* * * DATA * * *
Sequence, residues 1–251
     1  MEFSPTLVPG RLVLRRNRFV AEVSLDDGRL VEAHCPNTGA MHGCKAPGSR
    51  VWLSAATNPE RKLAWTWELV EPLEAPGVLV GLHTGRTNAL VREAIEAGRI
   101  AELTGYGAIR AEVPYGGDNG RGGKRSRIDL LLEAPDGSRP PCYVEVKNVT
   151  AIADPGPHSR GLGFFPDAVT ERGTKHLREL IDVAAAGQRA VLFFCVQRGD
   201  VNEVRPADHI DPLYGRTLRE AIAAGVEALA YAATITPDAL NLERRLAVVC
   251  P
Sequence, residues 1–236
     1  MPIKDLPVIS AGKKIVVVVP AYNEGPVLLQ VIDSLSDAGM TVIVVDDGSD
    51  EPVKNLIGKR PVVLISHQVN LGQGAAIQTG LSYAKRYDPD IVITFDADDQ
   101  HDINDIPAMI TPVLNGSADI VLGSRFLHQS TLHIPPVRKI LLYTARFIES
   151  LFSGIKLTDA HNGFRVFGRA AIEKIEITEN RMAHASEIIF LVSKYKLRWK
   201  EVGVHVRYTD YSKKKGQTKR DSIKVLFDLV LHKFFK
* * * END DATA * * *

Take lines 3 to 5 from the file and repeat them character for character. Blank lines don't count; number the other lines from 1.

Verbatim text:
    51  VWLSAATNPE RKLAWTWELV EPLEAPGVLV GLHTGRTNAL VREAIEAGRI
   101  AELTGYGAIR AEVPYGGDNG RGGKRSRIDL LLEAPDGSRP PCYVEVKNVT
   151  AIADPGPHSR GLGFFPDAVT ERGTKHLREL IDVAAAGQRA VLFFCVQRGD